Often times the dinner I make is based SOLEY on the bottle of wine I want to drink… Last nights dinner was exactly that. Here was the wine…Domaine Coste-Caumartin 2009 Pommard 1er Cru Le Clos des Boucherottes
This is a wine that my husband and I bought about 2 years ago and you can see that since being in our cave, the ticket has started to mold off. Fortunately, however, the wine had not spoiled at all! It smelled like a barnyard in my glass- and I LOVE THAT (like really love that)! The nose was dirty, dirty, dirty! After about 5 minutes with my nose in dirt- I moved past that dirt- hints of violet, cherry, black cherry, even blueberry. Again I have to mention my nose is being worked on. Like everything else, if you don’t practice it fades. My apologies- I’ll keep on practicing! On palate it was round, light tannins, tickled my throat, but finished a little short :(. Unfortunately… we drank it too soon. It needed another year in the cellar before really being amazing. But its okay- we have another bottle for next year.
So, what did we eat with it? Well, I wanted something basic, easy to make, and wintery. It is currently SNOWING in Lyon, so warm plates are a MUST these days. I decided to go with my favorite food of the moment- butternut squash. I know what you are thinking… NO! not with a Pinot, but let me finish…Butternut squash and sage pasta with grilled chicken. Now, with the Pommard- you all are right… not the match made in heaven as I had expected, but there was a little something that made it quite interesting. With the acidity level in the wine and the sage in the pasta the match was in competition, yet brought out the flavors of each. I actually really enjoyed the pairing. It was untraditional and you had to give it a sip or two to confirm it worked, but it worked! I was very happy :).
Sometimes we focus to much on the HAVE TO and SHOULD DO and loose the ideas of just TRYING. I live of life where I try and I fail, I get back up, I try again and succeed, then try something new. IF you can’t branch out and try something new or risk something… You’re never really going to GAIN anything. Am I right?
Also.. I bought a fish to keep me company during the day. Meet Maximus. He is named by my husband after the film Gladiator because he is a warrior and will fight for what he wants- and wins! Welcome to the family Maximus!
You know what I love about Pinot Gris… its simple. So incredibly complicated, but simple and easy to the palate. It’s a grape not very well known outside the regions that produce it. Coming from a clone of Pinot Noir, the varietal is planted mainly in the Alsace of France, Germany, and Italy as Pinot Grigio (however it can be found in other places as well). This particular wine came from the Alsace region of France.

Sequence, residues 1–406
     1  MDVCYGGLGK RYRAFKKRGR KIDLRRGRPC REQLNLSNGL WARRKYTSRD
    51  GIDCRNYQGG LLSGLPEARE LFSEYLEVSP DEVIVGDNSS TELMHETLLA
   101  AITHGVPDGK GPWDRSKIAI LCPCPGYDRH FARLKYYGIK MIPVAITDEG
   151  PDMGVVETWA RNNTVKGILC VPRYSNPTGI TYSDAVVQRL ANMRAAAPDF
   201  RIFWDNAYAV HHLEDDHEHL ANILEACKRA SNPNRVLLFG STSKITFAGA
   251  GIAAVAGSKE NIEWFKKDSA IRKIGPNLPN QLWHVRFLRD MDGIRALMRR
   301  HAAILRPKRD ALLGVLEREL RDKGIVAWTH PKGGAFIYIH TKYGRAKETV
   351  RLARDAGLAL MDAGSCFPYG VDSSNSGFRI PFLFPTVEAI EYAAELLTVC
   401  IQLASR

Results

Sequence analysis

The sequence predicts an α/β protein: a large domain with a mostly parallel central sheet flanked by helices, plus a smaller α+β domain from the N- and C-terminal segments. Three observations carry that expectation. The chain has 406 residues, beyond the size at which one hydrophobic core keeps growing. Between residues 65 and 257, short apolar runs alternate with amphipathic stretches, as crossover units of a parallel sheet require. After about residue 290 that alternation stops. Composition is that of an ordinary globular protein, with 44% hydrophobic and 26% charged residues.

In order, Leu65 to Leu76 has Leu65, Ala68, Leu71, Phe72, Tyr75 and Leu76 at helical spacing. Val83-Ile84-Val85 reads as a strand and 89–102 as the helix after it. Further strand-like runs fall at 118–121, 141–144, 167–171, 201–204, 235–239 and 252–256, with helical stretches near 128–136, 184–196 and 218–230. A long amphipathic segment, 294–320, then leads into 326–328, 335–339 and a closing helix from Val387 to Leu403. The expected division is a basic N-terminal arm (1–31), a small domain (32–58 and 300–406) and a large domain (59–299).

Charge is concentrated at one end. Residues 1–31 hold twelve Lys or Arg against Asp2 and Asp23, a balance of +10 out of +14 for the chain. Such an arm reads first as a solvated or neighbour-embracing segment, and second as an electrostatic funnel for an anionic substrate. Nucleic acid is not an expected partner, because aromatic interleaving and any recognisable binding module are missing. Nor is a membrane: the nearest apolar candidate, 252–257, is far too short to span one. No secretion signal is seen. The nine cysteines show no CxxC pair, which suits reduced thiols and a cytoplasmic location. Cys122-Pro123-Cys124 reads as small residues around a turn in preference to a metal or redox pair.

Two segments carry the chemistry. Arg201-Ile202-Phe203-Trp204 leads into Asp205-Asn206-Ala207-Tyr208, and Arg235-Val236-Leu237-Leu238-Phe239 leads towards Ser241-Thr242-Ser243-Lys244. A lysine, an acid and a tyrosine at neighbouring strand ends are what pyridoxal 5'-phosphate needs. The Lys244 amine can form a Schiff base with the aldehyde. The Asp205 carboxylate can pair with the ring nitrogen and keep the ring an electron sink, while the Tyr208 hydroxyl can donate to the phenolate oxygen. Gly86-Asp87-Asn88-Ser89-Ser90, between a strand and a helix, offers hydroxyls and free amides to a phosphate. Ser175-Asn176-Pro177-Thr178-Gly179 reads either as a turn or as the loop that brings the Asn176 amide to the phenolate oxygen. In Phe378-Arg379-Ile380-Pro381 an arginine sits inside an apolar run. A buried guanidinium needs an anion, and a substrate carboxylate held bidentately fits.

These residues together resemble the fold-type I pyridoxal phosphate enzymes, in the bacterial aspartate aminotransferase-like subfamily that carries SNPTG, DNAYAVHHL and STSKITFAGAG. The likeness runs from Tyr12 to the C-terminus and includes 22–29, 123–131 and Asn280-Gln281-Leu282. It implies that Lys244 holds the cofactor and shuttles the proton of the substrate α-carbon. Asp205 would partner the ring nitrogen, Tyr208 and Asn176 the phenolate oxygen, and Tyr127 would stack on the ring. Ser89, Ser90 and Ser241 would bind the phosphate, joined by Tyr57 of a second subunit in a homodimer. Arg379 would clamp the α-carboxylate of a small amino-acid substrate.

Gerard Metz makes some outstanding Reisling, Gewurztraminer, and Pinot Gris. I drank this 2011 Pinot Gris accompanied by some toasted fois gras and seared scallops. It was delicious! The Pinot Gris was bright for being a grape with some creamy undertones. The nose was fresh apricots with a little floral undertone… I wanna say like lily, but my floral smell abilities are somewhat pathetic these days. My apologies, I am working on it. Anyway, it had a great balance of acidity with fruit and a rounder that I love. Normally in France they drink sweet wine with fois gras, but for my personal taste, that is a little too rich for me. So I went with this Pinot Gris and was not disappointed! It was great!
PS! This is a bottle you can usually find in the states- mainly east coast people, but look around west coasters! And enjoy!
So, I have to say right away, that Burgundy makessome amazing wine, however they might be the mostcomplicated region in France for me. I will not lie to you- my confidence when it comes to writing about Burgundy plummets. But I will try!
My husband and I were having dinner at a lovely little restaurant in Lyon, called Ponts et Passerelles and we were introduced to Domiane de la Mugnière. We tried their Maranges (another hidden treasure) and were so impressed my husband ventured out to the their domaine and surprised me with a case of the Maranges and Santenay! Lots of brownie points for him!
Santenay is one of those hidden areas in the southern most part of the Côte de Beaune. Usually, when we think of great Pinot Noirs we think of the Côte d’Or- and with reason! However, for those us not yet able to afford Côte d’Or wines on a regular basis we need to find other options- either a low cut dress and a creepy or man or (and this is more my style) try smaller regions that focus more on the history rather than the marketing. Santenay (and Maranges) are, in my humble opinion, two regions where you can find affordable pinot noir with a great elegance!
The Santenay I had last night was wonderful! When drinking Burgundy reds, it is hard to find the maturity we desire in their younger wines, they almost all require a minimum of 7-10 years in the bottle before drinking. I was most pleasantly surprised to open this 2008 and find a roundness and fruit-forwardness that I would normally only find in older wines. It was great! The tannins smooth and soft, yet there was still a complexity to the wine that gives me the impression it will be drinkable for another 10 years.